Living out the charity which is revealed in Jesus Christ is something which should be the mark of the Church and of believers. Our second reading and our Gospel have spelt out something of what that means for our lives.
Christian love must also be the mark of all Christian service in the community. Pope Benedict in speaking of Catholic social endeavours notes: “Yet, while professional competence is a primary, fundamental requirement, it is not of itself sufficient. We are dealing with human beings, and human beings always need something more than technically proper care. They need humanity. They need heartfelt concern. Those who work for the Church’s charitable organizations must be distinguished by the fact that they do not merely meet the needs of the moment, but they dedicate themselves to others with heartfelt concern, enabling them to experience the richness of their humanity. Consequently, in addition to their necessary professional training, these charity workers need a “formation of the heart”: they need to be led to that encounter with God in Christ which awakens their love and opens their spirits to others”.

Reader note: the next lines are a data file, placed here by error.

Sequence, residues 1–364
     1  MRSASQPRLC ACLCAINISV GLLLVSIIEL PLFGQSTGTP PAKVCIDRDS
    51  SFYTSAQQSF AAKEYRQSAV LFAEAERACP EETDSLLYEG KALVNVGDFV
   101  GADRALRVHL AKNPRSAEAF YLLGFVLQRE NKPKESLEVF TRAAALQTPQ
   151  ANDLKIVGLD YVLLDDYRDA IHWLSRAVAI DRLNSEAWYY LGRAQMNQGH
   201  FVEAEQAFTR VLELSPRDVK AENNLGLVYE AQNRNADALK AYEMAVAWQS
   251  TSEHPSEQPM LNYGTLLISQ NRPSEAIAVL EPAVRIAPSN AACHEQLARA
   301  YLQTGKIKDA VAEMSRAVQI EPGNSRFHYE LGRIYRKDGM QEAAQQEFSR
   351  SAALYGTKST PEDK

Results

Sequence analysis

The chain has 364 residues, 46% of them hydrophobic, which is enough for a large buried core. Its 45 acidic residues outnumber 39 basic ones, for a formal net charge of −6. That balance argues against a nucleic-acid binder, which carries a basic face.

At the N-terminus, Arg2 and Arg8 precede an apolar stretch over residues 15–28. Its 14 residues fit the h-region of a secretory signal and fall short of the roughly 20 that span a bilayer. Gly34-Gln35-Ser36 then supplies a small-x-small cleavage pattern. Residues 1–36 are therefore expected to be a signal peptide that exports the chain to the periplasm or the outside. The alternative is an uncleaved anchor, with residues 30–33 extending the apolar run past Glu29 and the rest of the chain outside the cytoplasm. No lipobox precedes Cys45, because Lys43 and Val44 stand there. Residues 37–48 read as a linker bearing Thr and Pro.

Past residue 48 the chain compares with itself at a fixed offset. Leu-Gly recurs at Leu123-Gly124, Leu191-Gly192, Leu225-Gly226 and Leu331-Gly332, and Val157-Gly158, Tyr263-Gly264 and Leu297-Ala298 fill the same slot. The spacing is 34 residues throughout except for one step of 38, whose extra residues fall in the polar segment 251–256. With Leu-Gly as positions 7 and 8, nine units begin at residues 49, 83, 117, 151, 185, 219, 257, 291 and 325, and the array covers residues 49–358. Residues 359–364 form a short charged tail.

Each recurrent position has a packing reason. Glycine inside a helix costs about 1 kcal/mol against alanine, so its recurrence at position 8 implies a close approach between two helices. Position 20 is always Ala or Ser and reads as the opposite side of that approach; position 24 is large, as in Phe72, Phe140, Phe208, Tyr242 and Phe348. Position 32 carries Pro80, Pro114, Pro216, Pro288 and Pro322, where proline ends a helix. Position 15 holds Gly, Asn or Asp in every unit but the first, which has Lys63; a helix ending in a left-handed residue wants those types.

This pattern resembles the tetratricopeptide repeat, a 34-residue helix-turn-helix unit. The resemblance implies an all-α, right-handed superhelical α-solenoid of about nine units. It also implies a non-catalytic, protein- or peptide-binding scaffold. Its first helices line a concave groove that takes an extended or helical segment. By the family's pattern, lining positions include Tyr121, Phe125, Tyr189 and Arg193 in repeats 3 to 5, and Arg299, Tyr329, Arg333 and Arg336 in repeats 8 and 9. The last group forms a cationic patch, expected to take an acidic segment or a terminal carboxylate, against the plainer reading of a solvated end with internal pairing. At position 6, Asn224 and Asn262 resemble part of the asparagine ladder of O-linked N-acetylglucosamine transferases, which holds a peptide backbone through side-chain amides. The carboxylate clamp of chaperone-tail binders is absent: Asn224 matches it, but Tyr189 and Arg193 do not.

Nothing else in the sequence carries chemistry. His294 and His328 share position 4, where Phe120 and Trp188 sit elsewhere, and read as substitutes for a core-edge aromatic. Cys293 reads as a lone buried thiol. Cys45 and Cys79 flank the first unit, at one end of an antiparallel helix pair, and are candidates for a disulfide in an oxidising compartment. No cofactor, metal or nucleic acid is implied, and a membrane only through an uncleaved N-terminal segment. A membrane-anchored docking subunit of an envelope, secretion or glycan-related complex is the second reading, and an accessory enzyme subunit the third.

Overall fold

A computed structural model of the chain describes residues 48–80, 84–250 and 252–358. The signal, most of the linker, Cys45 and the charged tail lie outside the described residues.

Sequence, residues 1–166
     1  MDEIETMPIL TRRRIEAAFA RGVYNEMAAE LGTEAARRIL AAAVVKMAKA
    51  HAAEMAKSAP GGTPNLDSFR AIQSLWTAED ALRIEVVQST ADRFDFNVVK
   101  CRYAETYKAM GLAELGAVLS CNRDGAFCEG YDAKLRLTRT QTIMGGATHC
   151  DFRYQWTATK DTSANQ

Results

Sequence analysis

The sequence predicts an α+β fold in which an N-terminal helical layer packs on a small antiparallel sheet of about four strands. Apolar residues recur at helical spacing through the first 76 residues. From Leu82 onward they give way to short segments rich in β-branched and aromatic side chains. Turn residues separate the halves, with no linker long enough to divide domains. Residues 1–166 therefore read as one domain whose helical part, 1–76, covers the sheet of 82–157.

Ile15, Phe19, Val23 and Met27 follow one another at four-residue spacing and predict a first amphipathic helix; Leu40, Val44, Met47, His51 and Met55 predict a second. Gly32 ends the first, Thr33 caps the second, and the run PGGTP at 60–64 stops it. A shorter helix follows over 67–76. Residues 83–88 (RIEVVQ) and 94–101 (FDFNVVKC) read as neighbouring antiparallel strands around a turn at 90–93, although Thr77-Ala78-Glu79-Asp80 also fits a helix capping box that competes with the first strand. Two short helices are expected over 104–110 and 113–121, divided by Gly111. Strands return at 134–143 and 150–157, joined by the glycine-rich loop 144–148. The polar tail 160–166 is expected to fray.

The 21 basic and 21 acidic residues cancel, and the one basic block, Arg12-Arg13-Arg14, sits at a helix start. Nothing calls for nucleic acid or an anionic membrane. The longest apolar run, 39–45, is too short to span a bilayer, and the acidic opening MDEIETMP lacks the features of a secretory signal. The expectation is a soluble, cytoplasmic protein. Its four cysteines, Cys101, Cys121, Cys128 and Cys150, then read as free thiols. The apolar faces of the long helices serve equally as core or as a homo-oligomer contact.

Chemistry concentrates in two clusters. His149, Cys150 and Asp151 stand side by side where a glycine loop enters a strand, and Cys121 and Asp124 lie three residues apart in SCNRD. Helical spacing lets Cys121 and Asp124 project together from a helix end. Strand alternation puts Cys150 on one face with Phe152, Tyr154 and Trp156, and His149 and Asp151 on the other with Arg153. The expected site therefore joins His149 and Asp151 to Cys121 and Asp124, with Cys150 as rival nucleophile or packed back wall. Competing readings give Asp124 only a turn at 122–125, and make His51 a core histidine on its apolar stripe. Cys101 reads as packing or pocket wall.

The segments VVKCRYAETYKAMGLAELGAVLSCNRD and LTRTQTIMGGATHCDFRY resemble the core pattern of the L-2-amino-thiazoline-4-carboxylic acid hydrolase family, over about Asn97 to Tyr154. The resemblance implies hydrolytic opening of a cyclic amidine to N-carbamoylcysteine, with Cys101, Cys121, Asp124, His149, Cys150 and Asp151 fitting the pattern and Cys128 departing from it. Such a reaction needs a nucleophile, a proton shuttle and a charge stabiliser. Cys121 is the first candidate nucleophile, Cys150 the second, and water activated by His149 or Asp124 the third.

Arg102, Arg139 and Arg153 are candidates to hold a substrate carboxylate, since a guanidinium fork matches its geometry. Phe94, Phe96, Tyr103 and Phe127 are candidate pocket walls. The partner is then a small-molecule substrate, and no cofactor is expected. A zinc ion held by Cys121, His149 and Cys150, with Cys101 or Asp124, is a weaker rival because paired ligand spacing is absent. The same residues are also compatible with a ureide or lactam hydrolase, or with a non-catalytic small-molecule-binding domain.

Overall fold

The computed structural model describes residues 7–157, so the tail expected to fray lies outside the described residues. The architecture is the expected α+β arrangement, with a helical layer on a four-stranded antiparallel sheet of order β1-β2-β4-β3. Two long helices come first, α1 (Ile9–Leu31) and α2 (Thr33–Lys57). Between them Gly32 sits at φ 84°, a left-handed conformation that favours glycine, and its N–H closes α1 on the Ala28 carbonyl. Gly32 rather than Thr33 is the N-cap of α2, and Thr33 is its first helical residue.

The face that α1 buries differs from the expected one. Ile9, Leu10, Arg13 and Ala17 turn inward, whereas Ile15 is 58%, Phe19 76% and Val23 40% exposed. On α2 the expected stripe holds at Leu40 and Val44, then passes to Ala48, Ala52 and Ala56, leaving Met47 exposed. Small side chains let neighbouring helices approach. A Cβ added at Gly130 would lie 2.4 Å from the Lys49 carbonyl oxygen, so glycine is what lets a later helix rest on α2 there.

This attitude of love can only be attained through one of those other pillars of the Christian community which is mentioned in the Acts of the Apostles: prayer.  In his second Encyclical Letter on the theme of hope, Spe Salvi, Pope Benedict notes that: “To pray is not to step outside history and withdraw to our own private corner of happiness. When we pray properly, we undergo a process of inner purification which opens us up to God and thus to our fellow human beings as well.”   Such prayer is an integral part of the tradition of the Saint Vincent de Paul Society.  Prayer, personal union with the God who is love, is the powerhouse which gives energy and originality to the Society and its activities.
The title of this Dublin diocesan “Society Day” is: Tougher Times, Tender Hearts.  Times are tougher for you yourselves.  Our world makes so many demands on us and on our time.  Those of you with families know well the demands of caring for your own children or other dependent relatives make on your time. Those who are studying have very little time to spare.  Volunteerism is experiencing its own difficulties.  I want you to know how much I personally appreciate the fact that you have made a commitment to being different in society, in making a priority in your lives keeping your eyes, ears and hearts attentive to the call of those less fortunate than ourselves.  Our second reading speaks of being motivated by love as “Putting aside childish things”.  Caring is a sign of maturity.  Self-centredness is a sign of lack of maturity.  A caring society needs not just policies and programmes.  It springs from the force of tender hearts. In this your care contributes to maturity in the society in which we live.